For Immediate Release | Friday, February 17, 2017
Contact: Maggie Meyers at (724) 263-9826 or Cynara Lilly at (206) 915-7821
WA Charters Statement on Ruling in El Centro de la Raza v. State of Washington
“Voters, legislature, courts have spoken”
“Excited to focus on what is most important: educating our kids”
SEATTLE, Wash. – Today’s decision in the latest lawsuit against charter public schools, El Centro de la Raza v. Washington State, upholds the constitutionality of Washington’s charter public school law. Judge John H. Chun’s ruling affirms the work of families, voters, and state legislators to keep charter public schools open to students across the state.
Today’s decisive win follows years of Washington’s charter public schools triumphing over attacks from their opponents. Charter public schools have been supported again and again by voters and legislators in Washington state, first winning at the ballot box in 2012, and then at the state legislature last year when a bipartisan effort led to the Charters School Act, the state’s current charter public school law. With today’s ruling, the constitutionality of the law has now been affirmed by Washington’s courts.
“This is a huge win for kids,” said Tom Franta, CEO, WA Charters. “Charter public schools have been given a stamp of approval from Washington voters, the State legislature, and now the state’s judicial system. With today’s decision, students can return their focus to learning, and parents can rest easy knowing their kids’ schools can continue to provide their kids with the quality public education they deserve.”
Currently, eight charter public schools serve more than 1600 students across the state of Washington. Since opening their doors, these schools have made considerable gains in student outcomes, helping close the education equity gap in communities across the state. With the opening of three more charter public schools in Fall 2017 – one in South Seattle, one in West Seattle and one in Walla Walla – and the continued expansion of existing schools, approximately 2500+ students will be served in the 2017-18 school year.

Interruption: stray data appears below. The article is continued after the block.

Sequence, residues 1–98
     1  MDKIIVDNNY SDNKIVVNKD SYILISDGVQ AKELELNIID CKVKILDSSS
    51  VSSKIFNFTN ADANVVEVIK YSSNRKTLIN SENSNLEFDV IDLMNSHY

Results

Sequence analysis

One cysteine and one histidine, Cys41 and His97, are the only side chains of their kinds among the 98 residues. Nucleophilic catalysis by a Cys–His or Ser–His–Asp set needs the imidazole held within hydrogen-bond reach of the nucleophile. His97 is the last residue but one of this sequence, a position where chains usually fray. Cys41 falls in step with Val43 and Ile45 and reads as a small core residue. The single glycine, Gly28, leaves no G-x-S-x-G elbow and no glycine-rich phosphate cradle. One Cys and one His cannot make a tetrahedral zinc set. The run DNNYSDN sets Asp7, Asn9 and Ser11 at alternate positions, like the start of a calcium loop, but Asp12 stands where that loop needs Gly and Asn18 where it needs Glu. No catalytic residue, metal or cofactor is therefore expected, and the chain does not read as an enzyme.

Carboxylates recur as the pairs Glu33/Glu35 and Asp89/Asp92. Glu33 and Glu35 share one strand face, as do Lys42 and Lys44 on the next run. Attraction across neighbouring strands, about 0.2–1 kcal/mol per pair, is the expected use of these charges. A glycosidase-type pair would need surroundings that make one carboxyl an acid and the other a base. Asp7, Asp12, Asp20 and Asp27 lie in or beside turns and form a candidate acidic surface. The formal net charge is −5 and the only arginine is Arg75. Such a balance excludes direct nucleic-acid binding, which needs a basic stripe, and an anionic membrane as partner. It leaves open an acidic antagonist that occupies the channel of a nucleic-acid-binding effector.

About Washington’s Public Charter Schools
Charter schools are a type of public school, approved and overseen by a state or district authorizer. Like all public schools, they do not charge tuition, they are open to all students, and they are publicly funded. However, charter public schools are held more accountable for showing improved student achievement. In exchange for greater accountability, teachers and principals are given more flexibility to customize their teaching methods and curriculum to improve student learning.
Washington’s charter public schools are helping to close the education equity gap. A majority of charter public school students in Washington are students of color, as compared to 43 percent statewide, and a majority of charter public school students qualify for free or reduced-price school meals, as compared to 45 percent statewide.
In some communities, traditional public schools are meeting the needs of local students. But in other communities – particularly communities of color that struggle with poverty – they are not. In Washington, African American, Latino and Native American students are scoring between 15-20 percent lower on state assessments. According to 2015-16 mid-year and end-of-year assessment results, students at Washington’s charter public schools are making impressive gains in reading and math.